Identification of sources of small study effects

When the small study effects were detected, we performed two additional tests to exclude the other sources of small study effects (i.e., quality of methodological design and true heterogeneity) [32]. In the first test, we categorized trials by methodological characteristics and compared the pooled effect sizes between trials with or without characteristics based on an interaction test. Even if the small study effects were detected in only one treatment, we decided to show all three treatments to maintain the internal consistency of our study. In the second test, we investigated the causes of heterogeneity by univariate meta-regression using the following conditions: clinical conditions (pain or non-pain), disease duration (acute or chronic), cointervention (present or none), outcome type (objective or subjective), trial duration, and treatment session.


First, we estimated two different effect sizes for the treatment and placebo effect in each intervention: (1) pooled effect sizes from all identified trials and (2) effect sizes predicted at standard error = 0 for hypothetical trials of infinite size [31], [33] from random effects meta-regression analysis with the standard error as an independent variable [27], [32]. Second, we produced hypothetical trials that could be suppressed by publication bias using a non-parametric trim and fill analysis with a fixed effects model on original data for the treatment effect [34]. We estimated effect sizes for the treatment effect from identified trials and hypothetical trials. In hypothetical trials, we then assumed that active treatment was at least as effective as no-treatment. We added these trials to the original data on placebo versus no-treatment and estimated effect sizes for the placebo effect. Finally, we compared the three effect sizes for the treatment and placebo effect.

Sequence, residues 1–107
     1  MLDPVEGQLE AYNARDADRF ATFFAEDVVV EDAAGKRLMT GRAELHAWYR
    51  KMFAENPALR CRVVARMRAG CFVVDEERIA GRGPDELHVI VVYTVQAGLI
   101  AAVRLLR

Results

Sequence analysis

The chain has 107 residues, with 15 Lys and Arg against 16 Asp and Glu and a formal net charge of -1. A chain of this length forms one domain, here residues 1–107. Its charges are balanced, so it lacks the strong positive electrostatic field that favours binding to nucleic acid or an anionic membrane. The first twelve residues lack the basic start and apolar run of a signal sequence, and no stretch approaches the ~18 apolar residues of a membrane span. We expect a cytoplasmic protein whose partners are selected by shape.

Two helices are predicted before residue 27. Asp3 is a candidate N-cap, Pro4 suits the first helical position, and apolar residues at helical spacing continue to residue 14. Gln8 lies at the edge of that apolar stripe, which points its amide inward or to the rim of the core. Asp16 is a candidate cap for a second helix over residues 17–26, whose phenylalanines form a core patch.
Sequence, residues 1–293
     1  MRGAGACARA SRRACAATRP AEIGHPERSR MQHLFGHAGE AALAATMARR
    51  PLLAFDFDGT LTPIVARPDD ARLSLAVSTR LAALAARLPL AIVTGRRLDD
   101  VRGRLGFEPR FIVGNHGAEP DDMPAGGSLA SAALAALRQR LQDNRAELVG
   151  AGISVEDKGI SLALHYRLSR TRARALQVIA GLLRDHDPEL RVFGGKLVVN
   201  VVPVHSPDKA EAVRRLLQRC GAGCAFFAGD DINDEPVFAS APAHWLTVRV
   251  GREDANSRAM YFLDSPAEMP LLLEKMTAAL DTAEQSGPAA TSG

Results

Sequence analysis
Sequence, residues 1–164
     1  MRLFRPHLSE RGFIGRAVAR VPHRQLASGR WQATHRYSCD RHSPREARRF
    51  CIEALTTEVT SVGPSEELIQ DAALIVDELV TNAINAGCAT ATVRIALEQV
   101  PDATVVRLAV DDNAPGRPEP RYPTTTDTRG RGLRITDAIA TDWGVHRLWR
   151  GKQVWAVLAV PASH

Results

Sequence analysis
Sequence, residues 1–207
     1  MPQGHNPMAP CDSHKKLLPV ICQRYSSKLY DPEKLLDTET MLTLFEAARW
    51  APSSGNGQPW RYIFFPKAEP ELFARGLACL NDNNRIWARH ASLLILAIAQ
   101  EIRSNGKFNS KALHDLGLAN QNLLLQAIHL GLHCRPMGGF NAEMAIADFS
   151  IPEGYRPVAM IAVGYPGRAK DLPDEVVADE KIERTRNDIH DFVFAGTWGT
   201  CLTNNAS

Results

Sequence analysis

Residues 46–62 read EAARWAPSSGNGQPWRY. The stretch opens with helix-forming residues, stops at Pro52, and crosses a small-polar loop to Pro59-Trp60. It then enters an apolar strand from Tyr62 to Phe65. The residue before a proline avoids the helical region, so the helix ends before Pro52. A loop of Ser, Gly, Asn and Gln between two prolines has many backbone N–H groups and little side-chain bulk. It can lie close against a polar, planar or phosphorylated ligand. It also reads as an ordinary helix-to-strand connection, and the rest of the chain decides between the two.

Statistical analysis

For heterogeneity, we assessed the values of between-trial variance (τ2). The data are presented as the mean with 95% confidence interval. Microsoft Excel 2003 was used for interaction tests and STATA version 11.0 for all further analyses.


Figure 1 describes the procedure for selecting eligible trials. We included 63 trials with continuous outcomes: 32 trials for acupuncture (Text S1), 14 trials for acupoint stimulation (text S2), and 17 trials for TENS (Text S3) (Table 1). Of these, the overall number of large trials with more than 200 patients in two relevant arms was small: 6 (18.8%) trials for treatment effect and 3 (9.4%) for placebo effect in acupuncture, 2 (11.8%) in TENS, and none in acupoint stimulation. In total, 3060 patients were included at baseline in the active treatment group, 2576 patients were included in the placebo group, and 2533 patients were included in the no-treatment group. In the eligible trials, many different clinical conditions were assessed. Acupuncture and TENS trials frequently studied pain-related disease, and acupoint stimulation trials frequently investigated nausea-related disease. Placebo type also varied within each intervention. Acupuncture needles that were normally inserted or minimally inserted at irrelevant points were commonly used as a placebo in acupuncture trials. Stimulation on irrelevant points was mostly used as the placebo in acupoint stimulation. Simulated TENS with electricity off was mostly used as the placebo in TENS.


Figure 1. Study flow diagram.


Table 1. Characteristics of trials with continuous outcomes.